Condensation is the process whereby water vapour in the atmosphere is returned to its original liquid state. In the atmosphere, condensation may appear as clouds, fog, mist, dew or frost, depending upon the physical conditions of the atmosphere. Condensation is not a matter of one particular temperature but of a difference between two. Condensation of water vapour occurs when the temperature of air is lowered to its dew point.
All air contains water vapour of varying quantities. The lower the air temperature, the smaller the maximum possible capacity for vapour. When air is cooled, relative humidity increases, until at a particular temperature, called the dew point, the air becomes saturated. Further cooling below the dew point will induce condensation of the excess water vapour.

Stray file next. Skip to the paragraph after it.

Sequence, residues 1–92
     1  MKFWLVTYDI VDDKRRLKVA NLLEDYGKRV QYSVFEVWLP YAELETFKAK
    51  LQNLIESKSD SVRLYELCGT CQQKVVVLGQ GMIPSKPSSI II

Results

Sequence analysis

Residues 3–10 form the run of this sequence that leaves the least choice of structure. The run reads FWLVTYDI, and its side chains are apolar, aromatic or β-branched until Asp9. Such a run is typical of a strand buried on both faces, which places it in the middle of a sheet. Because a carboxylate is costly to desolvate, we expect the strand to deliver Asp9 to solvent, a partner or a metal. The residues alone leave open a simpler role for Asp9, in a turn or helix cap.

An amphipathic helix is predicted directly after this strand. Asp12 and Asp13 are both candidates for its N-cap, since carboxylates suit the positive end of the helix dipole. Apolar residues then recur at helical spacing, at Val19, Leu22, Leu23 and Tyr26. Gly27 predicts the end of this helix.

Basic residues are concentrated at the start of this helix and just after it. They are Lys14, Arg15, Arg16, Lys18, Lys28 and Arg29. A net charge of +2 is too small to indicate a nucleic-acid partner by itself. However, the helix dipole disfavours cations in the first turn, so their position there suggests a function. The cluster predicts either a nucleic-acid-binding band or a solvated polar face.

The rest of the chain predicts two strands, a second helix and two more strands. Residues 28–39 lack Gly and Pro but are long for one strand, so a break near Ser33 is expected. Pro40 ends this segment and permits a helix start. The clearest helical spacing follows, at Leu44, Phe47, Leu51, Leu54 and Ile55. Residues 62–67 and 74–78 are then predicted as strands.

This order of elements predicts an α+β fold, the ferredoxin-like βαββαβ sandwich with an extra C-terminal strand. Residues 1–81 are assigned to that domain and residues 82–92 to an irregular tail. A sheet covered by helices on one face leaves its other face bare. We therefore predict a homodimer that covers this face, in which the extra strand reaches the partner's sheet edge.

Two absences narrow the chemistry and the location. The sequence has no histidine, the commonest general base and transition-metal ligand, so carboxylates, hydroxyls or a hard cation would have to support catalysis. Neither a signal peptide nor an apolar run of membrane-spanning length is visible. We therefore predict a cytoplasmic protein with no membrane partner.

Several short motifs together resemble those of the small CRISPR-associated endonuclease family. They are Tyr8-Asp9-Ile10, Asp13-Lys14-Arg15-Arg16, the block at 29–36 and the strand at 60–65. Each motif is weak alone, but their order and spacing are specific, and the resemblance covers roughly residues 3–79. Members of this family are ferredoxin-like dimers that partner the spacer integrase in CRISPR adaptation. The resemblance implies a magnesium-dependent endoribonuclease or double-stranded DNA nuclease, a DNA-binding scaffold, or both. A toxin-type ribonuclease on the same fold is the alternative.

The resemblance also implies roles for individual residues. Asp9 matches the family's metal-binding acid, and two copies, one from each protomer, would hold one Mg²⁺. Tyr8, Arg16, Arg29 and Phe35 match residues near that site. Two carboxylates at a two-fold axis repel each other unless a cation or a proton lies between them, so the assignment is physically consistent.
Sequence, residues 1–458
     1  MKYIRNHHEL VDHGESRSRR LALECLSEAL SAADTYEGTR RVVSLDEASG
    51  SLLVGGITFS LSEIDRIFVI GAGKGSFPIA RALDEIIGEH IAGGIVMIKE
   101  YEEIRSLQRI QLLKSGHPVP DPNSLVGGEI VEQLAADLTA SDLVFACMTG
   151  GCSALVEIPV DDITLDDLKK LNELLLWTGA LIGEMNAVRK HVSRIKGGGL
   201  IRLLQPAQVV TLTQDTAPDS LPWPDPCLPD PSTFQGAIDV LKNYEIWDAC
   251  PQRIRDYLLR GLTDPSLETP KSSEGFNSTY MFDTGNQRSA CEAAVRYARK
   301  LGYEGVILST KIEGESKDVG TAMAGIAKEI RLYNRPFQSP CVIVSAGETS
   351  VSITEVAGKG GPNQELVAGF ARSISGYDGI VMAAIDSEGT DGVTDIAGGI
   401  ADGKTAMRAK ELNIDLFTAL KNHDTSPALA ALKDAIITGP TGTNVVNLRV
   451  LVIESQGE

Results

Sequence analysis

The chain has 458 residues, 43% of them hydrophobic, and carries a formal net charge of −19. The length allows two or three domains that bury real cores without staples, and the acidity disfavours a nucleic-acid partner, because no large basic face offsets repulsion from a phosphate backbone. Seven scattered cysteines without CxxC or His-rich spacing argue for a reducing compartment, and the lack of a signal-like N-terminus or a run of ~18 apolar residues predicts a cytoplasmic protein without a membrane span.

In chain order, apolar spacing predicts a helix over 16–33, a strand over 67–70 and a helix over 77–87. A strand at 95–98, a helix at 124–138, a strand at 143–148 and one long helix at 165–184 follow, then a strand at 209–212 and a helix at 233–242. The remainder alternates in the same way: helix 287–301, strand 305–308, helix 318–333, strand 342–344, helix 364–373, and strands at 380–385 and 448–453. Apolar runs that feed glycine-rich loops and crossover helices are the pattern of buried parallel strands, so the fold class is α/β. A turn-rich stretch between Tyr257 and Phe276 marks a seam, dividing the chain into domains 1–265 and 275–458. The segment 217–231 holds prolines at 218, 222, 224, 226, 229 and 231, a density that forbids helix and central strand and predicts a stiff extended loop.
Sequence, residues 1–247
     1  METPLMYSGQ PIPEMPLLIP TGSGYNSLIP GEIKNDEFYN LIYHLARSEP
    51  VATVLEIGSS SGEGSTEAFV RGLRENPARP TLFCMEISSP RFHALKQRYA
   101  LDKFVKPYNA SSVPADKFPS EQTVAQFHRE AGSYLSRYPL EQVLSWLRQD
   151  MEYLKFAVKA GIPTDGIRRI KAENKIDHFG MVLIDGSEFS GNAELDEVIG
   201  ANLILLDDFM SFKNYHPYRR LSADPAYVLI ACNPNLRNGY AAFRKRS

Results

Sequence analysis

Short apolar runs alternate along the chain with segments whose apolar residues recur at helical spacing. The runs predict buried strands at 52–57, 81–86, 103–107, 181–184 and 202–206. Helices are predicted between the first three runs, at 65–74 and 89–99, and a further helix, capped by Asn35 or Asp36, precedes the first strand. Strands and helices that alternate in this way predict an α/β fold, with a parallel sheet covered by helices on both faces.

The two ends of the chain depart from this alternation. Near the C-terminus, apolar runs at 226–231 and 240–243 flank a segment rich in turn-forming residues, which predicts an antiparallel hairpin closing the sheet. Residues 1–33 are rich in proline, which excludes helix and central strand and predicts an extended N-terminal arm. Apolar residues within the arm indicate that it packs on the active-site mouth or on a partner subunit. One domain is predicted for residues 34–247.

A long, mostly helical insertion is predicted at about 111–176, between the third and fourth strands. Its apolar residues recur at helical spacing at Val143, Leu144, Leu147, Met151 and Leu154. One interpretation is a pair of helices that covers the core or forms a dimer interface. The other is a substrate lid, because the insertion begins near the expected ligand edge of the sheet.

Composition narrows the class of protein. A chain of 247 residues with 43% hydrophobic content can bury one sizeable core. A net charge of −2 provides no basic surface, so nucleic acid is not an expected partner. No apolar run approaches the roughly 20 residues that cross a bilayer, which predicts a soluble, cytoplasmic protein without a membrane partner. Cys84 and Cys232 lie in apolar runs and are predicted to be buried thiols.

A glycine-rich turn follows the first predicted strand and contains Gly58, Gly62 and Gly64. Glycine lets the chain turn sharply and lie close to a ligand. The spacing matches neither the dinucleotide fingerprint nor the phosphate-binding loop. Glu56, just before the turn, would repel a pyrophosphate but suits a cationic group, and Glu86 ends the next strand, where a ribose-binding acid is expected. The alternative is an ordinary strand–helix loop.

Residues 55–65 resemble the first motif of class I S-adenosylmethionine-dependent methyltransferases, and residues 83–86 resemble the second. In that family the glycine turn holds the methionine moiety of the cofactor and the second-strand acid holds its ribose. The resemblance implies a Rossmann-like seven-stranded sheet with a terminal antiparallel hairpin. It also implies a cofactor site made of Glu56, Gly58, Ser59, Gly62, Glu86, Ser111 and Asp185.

The temperature of the dew point will depend upon the absolute content of water vapour, that is the absolute humidity, measured in g/m3 (grams per cubic metre). The dew point of humid air will be higher than the dew point of dry air. Both air temperature and absolute humidity will determine what type of condensation will occur when the air is cooled. If air in contact with the ground is cooled to its dew point, dew or frost will form, dew if the point is above 0°C, or frost if it is below 0°C. Cooling of a larger layer of air near to the ground may produce mist of fog, which freezes if the dew point is below 0°C. Air that is cooled to its dew point by rising and expansion will condense to form clouds. Above 0°C, small droplets of water are formed. Condensation may also result in ice crystals at temperature well below 0°C. When temperatures are near or a little below 0°C, supercooled water droplets can form.